A cake recipe long ago in a galaxy far away...
June 28, 2014 5:19 AM   Subscribe

I have this amazing Star Wars ships silicone moulded cake pan. I have no idea what kind of cake works best with it. What cake recipes work best with fancy moulds? Help me eat the Death Star!
posted by Katemonkey to Food & Drink (11 answers total) 6 users marked this as a favorite
Rose Levy Beranbaum (the undisputed queen of scientific cake-baking) made a PDF booklet of recipes adapted for Lékué's line of silicone cake pans; you'll have to check the capacity of your pans against her recommendations but those should be a good start.
posted by bcwinters at 6:12 AM on June 28, 2014 [3 favorites]

That's pretty cool. My sister does fancy cakes and cake decorating. She swears by boxed mixes. Find the one you like the best and you're in business.

Seriously, so many of the cake decorating folks use cake mix. They even did it on Top Chef for a wedding challenge, and it came out fine!
posted by Ruthless Bunny at 6:16 AM on June 28, 2014

so many of the cake decorating folks use cake mix

(If the point is decoration, not taste, a cake mix is a much more reliable choice; less work, repeatable result, and cheaper. The manufacturers aren't putting in all those strangely named ingredients to mess with you, they're there because they make the product more consistent at scale.)
posted by effbot at 6:49 AM on June 28, 2014 [3 favorites]

My Wilton instructor also endorsed box mixes and instructed us to add an extra egg for stability, especially when using fancy/intricate pans.
posted by Flannery Culp at 7:04 AM on June 28, 2014 [1 favorite]

I would highly recommend Cook's Illustrated's yellow cake recipe, and here is why: it is pretty dense and has a nice tight, small crumb. No big air bubbles, no fluffy fragility. That'll likely lead to a decent, clean unmolding AND a good, solid finished cake.
posted by julthumbscrew at 8:19 AM on June 28, 2014 [1 favorite]

Best answer: I would do something intended for a bundt cake pan - they tend to hold their shapes very well.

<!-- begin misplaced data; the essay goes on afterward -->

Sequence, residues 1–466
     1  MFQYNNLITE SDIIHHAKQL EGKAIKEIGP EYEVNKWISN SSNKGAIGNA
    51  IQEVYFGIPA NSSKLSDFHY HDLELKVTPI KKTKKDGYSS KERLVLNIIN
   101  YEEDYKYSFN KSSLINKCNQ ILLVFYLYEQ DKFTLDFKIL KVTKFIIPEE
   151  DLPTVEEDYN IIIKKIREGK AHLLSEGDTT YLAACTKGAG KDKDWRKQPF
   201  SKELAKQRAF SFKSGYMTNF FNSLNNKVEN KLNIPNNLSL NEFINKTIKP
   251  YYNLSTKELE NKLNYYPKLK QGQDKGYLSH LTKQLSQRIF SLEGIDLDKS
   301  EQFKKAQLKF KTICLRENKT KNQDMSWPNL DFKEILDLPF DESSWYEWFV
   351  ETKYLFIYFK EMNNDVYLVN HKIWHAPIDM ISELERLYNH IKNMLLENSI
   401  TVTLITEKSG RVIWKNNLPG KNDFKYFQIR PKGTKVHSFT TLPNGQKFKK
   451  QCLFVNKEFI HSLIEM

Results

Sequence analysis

posted by something something at 8:34 AM on June 28, 2014

If you are not opposed to using a mix, you can see the Betty Crocker Bundt Cake Mix has been successfully used for complex mould. You may have a hard time getting the bundt version in the UK though. In that case, I would do a trial run with this (metric) recipe from Pink Whisk.
posted by DarlingBri at 10:02 AM on June 28, 2014

We always use a pound cake in our lamb pan (for Easter). The one we specifically use is the Old Dominion Pound Cake. You can leave out the nuts if you want to.
posted by kathrynm at 11:14 AM on June 28, 2014

The one bit of advice that I'd add: make sure you don't use cheap butter or margarine. Check the fat content if you can. Cheaper products may have extra water or liquid in them, which makes extra steam, which can make an otherwise okay cake recipe tend to stick, especially in tube pans or other shapes that have less area for the extra moisture to escape.

One way that I check for fat content--if it's not explicit on the label--is to check the calorie count. More calories means higher fat content which means better for baking. In the U.S., the typical "serving" on the nutrition label is one tablespoon, and seems to be pretty consistent across different products, so it's not hard to compare.

Being in a major U.S. midwestern city, we get mass-market butter, "European style" butter (expensive, but better for baking), local farmer butter (generally better for baking, too), and cheap no-name butter (usually lousy for baking). Margarine varies--sometimes cheap stick margarine may actually have a fairly good fat content, you just have to look and compare.
posted by gimonca at 1:16 PM on June 28, 2014

A surprising number of people are allergic to a common ingredient in cake mixes: propylene glycol. Just putting that out there to raise awareness. Maybe avoid that if you can.

(It's also common in flavorings, colorings, and frostings).

People with this allergy tend to focus on skin products -- lotions, concealers, hair products -- and wouldn't necessarily think to check on cake mixes.
posted by amtho at 8:44 PM on June 28, 2014

Response by poster: So I had a good look at bundt cake recipes, especially the photos, and decided that was the way to go. Cake mix is...weird over here. And I don't like plain vanilla cake, so I'm even more weird.

But I halved this maple bundt cake recipe (since I had all the ingredients in my house), and ta-da I can eat the Death Star.

In the future, I'll reduce the amount I put in each mould, because they rose up a bit too much, which means that half of that maple bundt recipe will totally give a Death Star, Millennium Falcon, Star Destroyer, and X-Wing. Which is AWESOME.
posted by Katemonkey at 8:30 AM on June 29, 2014 [1 favorite]

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